Votes of Confidence

A mixed week ended down on Friday. The MSCI World Index closed down -1.13% while the S&P 500 lost -1.22%. The generic 30-year index rose 0.10%.

May Survives No Confidence Vote

The pound rallied 1.42% on Wednesday following Theresa May successful defense against a no-confidence vote. Prime Minister May benched a vote on the Brexit terms noting that it would not pass an approval vote if it were to go to Parliament. The EU has been vocal in dismissing calls for a better deal being negotiable but affirmed that Britain could elect to remain part of the EU without approval from other EU members. While remaining would likely be better for the country, another Brexit vote seems unlikely given the challenges related to setting a precedent of voting until you get a desired outcome. If the UK were to enter a hard Brexit, Britain would default to the WTO rules of trade with higher tariffs and barriers to entry. We are now within 100 days of the March Brexit deadline.

Google Visits Washington DC

Google’s CEO, Sundar Pichai, went to Capitol Hill to address questions of political bias in their search engine. The discussion basically broke down to senators being concerned that searches for conservative topics tended to be less prevalent and more negatively biased. Pichai tried to explain that their algorithm uses user feedback to determine various factors like relevance, freshness, popularity and how other people are using it. Perhaps the surprising fact was that 15% of daily searches Google sees are have never been seen by the algorithm before.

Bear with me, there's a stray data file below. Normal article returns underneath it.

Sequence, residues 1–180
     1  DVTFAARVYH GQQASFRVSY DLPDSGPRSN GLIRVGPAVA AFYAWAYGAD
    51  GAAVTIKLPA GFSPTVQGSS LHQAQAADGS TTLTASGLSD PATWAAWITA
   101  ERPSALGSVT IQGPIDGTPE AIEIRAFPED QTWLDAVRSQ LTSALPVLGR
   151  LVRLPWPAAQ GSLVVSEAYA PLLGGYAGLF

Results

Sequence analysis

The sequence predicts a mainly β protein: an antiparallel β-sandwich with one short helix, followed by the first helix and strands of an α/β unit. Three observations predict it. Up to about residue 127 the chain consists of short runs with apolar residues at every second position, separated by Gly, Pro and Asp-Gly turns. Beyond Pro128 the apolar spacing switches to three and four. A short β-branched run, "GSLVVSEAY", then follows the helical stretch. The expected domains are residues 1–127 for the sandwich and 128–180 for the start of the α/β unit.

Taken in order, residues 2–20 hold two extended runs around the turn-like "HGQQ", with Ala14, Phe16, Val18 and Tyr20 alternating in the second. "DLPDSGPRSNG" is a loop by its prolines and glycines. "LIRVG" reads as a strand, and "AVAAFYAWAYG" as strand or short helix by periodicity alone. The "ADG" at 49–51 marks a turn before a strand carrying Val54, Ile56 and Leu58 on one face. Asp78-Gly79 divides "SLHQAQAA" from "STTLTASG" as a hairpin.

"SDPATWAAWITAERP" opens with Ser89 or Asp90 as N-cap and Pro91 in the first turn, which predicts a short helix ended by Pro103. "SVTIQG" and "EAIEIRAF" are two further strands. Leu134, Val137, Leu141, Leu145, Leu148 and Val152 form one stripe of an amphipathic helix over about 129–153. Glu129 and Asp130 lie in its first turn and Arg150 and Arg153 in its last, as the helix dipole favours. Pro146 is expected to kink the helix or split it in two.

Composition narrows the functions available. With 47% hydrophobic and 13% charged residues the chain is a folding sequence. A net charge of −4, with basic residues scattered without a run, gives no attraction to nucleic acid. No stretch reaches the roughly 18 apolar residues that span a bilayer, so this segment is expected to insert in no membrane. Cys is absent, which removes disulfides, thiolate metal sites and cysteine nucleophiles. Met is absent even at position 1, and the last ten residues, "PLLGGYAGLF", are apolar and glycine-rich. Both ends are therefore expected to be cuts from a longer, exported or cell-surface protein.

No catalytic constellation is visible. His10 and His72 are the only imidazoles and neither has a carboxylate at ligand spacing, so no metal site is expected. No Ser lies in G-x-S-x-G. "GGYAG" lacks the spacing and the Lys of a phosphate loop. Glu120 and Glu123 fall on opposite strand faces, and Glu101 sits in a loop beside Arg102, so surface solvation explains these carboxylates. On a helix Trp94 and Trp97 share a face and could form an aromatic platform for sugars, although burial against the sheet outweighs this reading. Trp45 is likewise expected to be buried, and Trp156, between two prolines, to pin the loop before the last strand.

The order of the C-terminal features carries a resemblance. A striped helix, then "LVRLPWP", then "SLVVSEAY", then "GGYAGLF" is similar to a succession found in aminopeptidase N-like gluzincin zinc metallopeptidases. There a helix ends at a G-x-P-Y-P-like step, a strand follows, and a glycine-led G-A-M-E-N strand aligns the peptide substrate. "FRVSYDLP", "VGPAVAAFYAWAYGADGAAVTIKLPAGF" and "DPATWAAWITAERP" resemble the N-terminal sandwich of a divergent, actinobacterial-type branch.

Inversion

Bearish sentiment in the bond market continued to prevail last week. With the curve continuing to flatten on the short end and the 3-year rates inverting relative to the 2-year rates.

Conclusion

Fear and uncertainty continue to dominate the markets in December. There is a finite life to some of these concerns. The Brexit deadline is in March and the trade war has several potential exits in the coming months with the Trump administration under pressure from the Muller investigation and a split Congress. This could provide opportunity to buy at a discount for those willing to take on the downside risk.

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